Diving in at the deep end in Galapagos…

Often seen basking in somewhat untidy piles on the beach (see below!), the Galapagos sea lion (Zalophus wollebaeki) is a highlight for many visitors to the Galapagos Islands. Sociable and playful by nature, they provide hours of entertainment for adoring onlookers as they move in their ungainly waddle on land. But get them in the water and sea lions transform into 400 kg living torpedoes capable of moving with the elegance and agility of a ballet dancer. Feeding primarily on sardines, Galapagos sea lions are experts at manoeuvring and hunting underwater. They have been recorded to dive to depths of around 350 metres and can stay submerged for almost ten minutes. So how do they do it? It all comes down to something called the mammalian dive reflex.

C3 - 1649  Robert Silbermann

The mammalian dive reflex is an innate reflex exhibited most strongly in marine mammals, but is also present in other mammals including humans. It occurs when the face of the animal comes into contact with water that is 20⁰C (68⁰F) or colder, and it triggers a series of physiological changes within the body which together allow a mammal to stay submerged for a long time.

The primary limitation when it comes to holding your breath is the body’s requirement for oxygen. Oxygen is used in respiration, an essential process which keeps us and all animals alive, and which helps to provide us with energy. Reducing oxygen usage within the body results in an animal needing to take less frequent breaths and hence they are able to stay underwater for longer.

The first change associated with the dive reflex is bradycardia: a slowing of the heart rate. A heart that is beating slowly requires less oxygen than one that is beating fast. In humans, the dive reflex can reduce the heart rate by 10 to 25% in just 20 seconds. In sea lions, diving bradycardia is much stronger and can reduce the heart rate from around 125 beats per minute to just ten.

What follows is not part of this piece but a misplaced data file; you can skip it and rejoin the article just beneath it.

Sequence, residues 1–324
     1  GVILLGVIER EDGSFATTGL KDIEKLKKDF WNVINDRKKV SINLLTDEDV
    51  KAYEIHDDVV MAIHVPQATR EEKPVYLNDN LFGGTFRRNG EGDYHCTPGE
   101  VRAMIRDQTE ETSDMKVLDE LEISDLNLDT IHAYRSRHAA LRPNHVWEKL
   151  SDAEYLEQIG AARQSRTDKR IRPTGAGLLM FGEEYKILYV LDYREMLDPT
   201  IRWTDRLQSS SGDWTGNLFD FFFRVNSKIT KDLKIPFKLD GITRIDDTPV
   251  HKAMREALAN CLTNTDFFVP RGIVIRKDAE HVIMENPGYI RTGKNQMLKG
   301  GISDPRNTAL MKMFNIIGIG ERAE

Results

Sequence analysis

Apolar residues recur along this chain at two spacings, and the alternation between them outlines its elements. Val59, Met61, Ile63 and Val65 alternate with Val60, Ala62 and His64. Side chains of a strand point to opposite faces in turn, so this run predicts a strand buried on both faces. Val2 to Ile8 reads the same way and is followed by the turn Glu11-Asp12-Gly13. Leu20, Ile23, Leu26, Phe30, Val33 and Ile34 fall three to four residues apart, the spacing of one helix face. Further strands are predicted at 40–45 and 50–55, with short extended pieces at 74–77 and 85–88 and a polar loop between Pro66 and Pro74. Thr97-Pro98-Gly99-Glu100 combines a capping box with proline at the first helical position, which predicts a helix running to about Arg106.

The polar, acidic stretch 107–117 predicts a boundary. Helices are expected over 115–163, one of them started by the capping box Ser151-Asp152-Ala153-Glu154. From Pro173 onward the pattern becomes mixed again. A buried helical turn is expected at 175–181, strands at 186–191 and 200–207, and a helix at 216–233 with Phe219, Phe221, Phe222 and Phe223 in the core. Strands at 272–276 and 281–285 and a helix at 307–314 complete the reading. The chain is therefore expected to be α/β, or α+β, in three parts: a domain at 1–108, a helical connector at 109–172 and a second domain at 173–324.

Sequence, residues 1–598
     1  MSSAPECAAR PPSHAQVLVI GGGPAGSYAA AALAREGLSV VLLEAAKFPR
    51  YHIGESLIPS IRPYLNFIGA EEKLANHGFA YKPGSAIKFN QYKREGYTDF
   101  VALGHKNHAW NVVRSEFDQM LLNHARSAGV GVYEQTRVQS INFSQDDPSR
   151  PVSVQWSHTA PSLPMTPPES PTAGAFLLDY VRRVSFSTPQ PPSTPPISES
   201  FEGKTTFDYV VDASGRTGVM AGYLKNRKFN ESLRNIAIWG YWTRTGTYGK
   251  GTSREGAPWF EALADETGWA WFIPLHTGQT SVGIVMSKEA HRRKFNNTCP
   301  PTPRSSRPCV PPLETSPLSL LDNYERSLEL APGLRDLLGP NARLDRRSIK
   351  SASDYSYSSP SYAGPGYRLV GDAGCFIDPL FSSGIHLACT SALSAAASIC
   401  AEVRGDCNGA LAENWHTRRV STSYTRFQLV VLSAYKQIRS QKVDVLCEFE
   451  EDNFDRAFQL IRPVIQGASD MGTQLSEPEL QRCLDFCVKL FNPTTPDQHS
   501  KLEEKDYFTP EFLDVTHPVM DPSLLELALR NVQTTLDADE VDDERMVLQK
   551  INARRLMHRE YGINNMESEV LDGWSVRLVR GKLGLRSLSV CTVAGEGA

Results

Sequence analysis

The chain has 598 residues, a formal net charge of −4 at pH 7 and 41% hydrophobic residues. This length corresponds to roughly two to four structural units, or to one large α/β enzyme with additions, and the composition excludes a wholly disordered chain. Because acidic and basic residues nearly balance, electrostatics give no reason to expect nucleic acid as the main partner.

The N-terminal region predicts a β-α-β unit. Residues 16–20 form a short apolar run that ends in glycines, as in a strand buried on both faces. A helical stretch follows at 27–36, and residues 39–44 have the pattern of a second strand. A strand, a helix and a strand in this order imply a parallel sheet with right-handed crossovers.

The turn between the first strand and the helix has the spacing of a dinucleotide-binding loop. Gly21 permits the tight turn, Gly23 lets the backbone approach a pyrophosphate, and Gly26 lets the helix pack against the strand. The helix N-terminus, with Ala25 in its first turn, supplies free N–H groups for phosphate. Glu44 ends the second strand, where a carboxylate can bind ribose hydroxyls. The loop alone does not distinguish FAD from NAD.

(c)Genevieve Westrope (Royalty Free)

The next response to kick-in is termed peripheral vasoconstriction, where capillaries in the extremities close. By reducing blood flow to the extremities, more blood, and therefore more oxygen, is available for use by vital organs such as the heart and brain. In humans, capillaries in the fingers and toes are the first to close, followed by the hands and feet and eventually the arms and legs. The consequence of this is that the muscles within these extremities are not resupplied with oxygen until the capillaries have opened again, resulting in lactic acid building up which causes cramp. Some oxygen is stored within the muscles, bound to a protein called myoglobin, but in humans this only accounts for 12% of the body’s oxygen. In sea lions however, 25% of the animal’s oxygen is stored this way, resulting in their muscles being able to function for a lot longer than a human’s and allowing for a longer dive.

A third response is splenic contraction. Diving mammals such as seals and sea lions have large spleens which are capable of storing blood (up to 20 litres in the Weddell Seal), therefore acting as an oxygen reservoir. When the spleen becomes contracted during a dive, the number of oxygen-carrying red blood cells in the circulatory system of a sea lion can increase by up to 10%, again resulting in the animal being able to stay underwater for longer.

These adaptations, along with certain others, make diving mammals excellently suited to an aquatic lifestyle, and the Galapagos sea lion is no exception!

by Pete Haskell

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